I Remember

Memorial Day in the United States is Monday.  Many are enjoying friends and family during the long weekend.  Merchants have sales going on.  I saw some fireworks for sale in a grocery store a couple of days ago.  I heard two sports radio talents talking about going to the beach, relaxing, cooking out and other activities.  At least they did mention to remember those serving in the military.   So, what is Memorial Day and how should we celebrate, or should we?

Memorial Day is not Veterans Day.  It’s not the Fourth of July.  It’s not Labor Day and other typical holidays. 

Photo of Civil War image

Memorial Day is an American holiday, observed on the last Monday of May, honoring those who died while serving in the U.S. military.  It was originally known as Decoration Day, originating years after the Civil War, which ended in 1865 and claimed more lives than any conflict in U.S. history.  Memorial Day became an official federal holiday in 1971.  https://www.history.com/topics/holidays/memorial-day-history

By the late 1860s, Americans in various towns and cities had begun holding springtime tributes to the countless fallen soldiers, decorating their graves with flowers and reciting prayers.

St. Augustine National Cemetery

During World War I the United States found itself embroiled in another major conflict. The time of remembrance was then changed to remember American military personnel who died in all wars. 

Memorial Day continued to be observed on May 30 for decades until Congress passed the Uniform Monday Holiday Act in 1968, creating Memorial Day as the last Monday in May, which established Memorial Day as a federal holiday that enabled a three-day weekend for federal employees.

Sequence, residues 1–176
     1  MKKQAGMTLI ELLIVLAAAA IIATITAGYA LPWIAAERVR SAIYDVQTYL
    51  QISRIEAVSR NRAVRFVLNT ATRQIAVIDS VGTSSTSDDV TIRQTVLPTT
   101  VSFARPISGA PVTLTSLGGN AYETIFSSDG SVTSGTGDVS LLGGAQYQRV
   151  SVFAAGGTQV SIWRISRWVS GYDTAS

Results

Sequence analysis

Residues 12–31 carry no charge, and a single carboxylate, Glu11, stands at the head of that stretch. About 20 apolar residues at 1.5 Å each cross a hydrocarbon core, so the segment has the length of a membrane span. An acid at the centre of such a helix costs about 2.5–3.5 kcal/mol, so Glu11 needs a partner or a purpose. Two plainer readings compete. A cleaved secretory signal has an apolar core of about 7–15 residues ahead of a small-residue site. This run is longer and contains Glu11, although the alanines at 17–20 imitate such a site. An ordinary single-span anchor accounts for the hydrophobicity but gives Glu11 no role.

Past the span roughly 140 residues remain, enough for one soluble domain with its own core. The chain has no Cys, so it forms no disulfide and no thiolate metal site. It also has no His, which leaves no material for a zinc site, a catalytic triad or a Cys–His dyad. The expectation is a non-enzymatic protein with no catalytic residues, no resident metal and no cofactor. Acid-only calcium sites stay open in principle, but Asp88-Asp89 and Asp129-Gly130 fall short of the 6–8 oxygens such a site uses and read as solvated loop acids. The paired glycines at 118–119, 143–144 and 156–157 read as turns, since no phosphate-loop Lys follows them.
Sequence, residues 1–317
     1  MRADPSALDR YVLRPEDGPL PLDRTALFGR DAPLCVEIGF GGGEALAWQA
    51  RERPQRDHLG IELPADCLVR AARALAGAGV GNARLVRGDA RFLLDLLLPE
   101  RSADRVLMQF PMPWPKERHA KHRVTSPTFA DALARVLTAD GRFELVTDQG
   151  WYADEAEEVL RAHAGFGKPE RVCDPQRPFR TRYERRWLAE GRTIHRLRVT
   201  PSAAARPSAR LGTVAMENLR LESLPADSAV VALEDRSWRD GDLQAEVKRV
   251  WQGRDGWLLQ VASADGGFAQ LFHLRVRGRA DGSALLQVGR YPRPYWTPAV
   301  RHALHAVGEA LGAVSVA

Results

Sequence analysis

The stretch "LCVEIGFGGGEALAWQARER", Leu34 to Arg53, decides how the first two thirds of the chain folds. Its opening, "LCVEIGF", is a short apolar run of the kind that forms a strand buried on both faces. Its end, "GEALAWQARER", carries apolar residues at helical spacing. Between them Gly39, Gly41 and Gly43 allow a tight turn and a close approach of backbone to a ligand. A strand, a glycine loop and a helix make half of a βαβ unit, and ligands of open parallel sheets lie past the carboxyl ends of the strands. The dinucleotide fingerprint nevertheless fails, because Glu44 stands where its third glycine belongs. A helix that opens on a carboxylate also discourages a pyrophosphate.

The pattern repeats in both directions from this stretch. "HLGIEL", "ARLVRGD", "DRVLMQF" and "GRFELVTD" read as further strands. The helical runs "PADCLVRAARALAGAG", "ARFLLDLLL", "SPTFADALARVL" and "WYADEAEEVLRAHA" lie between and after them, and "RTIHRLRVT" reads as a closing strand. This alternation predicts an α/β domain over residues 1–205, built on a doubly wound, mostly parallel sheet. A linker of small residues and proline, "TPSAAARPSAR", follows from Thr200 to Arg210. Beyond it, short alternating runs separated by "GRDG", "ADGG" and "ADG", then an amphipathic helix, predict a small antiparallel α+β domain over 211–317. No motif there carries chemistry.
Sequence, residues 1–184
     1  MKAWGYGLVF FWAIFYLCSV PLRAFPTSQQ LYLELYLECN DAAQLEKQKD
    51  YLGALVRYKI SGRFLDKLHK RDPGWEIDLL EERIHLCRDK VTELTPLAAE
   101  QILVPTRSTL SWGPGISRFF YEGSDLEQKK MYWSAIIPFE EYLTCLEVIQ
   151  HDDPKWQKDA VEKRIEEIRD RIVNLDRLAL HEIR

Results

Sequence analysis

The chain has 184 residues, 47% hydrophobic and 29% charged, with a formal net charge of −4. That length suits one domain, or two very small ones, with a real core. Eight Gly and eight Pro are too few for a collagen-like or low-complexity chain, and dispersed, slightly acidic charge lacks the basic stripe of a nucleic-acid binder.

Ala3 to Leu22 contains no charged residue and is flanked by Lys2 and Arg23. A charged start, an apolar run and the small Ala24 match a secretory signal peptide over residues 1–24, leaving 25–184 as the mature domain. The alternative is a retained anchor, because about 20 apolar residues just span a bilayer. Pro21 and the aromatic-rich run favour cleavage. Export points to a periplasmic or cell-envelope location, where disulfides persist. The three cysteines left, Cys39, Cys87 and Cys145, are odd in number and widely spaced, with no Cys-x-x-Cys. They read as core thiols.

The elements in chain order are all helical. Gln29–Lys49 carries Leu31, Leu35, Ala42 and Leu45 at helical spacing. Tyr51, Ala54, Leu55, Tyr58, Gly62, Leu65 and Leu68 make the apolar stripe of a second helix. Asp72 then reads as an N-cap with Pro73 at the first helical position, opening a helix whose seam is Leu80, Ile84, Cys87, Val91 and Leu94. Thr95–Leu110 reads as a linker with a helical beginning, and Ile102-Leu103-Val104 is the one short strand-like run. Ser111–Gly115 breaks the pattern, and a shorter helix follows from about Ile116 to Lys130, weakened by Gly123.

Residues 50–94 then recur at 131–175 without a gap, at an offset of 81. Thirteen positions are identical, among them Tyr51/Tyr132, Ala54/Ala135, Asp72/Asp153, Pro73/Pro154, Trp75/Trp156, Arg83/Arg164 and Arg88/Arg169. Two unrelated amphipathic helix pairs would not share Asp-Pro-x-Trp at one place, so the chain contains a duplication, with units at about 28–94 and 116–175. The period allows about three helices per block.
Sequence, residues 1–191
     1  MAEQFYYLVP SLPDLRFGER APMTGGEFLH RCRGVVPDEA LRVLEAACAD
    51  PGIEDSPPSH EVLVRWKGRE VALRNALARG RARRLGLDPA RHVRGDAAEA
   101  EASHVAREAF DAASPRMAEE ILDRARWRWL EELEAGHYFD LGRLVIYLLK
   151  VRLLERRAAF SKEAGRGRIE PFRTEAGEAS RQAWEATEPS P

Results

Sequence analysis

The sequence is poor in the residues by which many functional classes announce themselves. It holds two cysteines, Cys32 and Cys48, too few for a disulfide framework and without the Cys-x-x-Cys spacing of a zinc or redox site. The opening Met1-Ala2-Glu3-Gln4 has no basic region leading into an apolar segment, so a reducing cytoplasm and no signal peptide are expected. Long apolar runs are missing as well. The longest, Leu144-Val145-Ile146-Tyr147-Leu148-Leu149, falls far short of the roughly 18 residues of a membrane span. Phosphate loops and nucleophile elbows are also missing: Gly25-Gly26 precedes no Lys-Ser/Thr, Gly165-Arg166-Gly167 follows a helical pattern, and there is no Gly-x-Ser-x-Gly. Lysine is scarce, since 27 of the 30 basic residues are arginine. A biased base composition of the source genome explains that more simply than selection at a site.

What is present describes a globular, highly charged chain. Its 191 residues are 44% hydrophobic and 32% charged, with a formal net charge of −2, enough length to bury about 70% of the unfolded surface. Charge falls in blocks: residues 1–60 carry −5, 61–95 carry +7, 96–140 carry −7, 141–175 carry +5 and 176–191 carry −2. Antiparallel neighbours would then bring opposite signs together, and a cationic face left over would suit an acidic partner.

Service members, veterans and their families know there is a big difference between Memorial Day and Veterans Day. While Veterans Day, Nov. 11, is a day set aside to celebrate all veterans, Memorial Day is a somber holiday dedicated to honor military fallen, with a special focus on those killed during military service or through enemy contact. https://www.military.com/memorial-day

Both holidays often include parades, ceremonies and celebrations. But although Memorial Day also traditionally marks the beginning of summer with picnics and parties, many in the military community believe that at least a portion of it should be set aside to mourn and honor the fallen.

I want to go a litter further though.  Yes, Memorial Day was established for those who bore the weight of battle to the last degree, but what about those who came back changed to the degree they felt there was no reason for them to continue living?

Don’t these military members experience a certain death, whether physical injury like loss of limb, traumatic brain injury and mental health challenges?  While they may be here physically, mentally some may be elsewhere, or think there is no need to continue living – but yes, there is a need and a reason. 

We owe our support and gratitude to those who served – going when and where the nation needed them.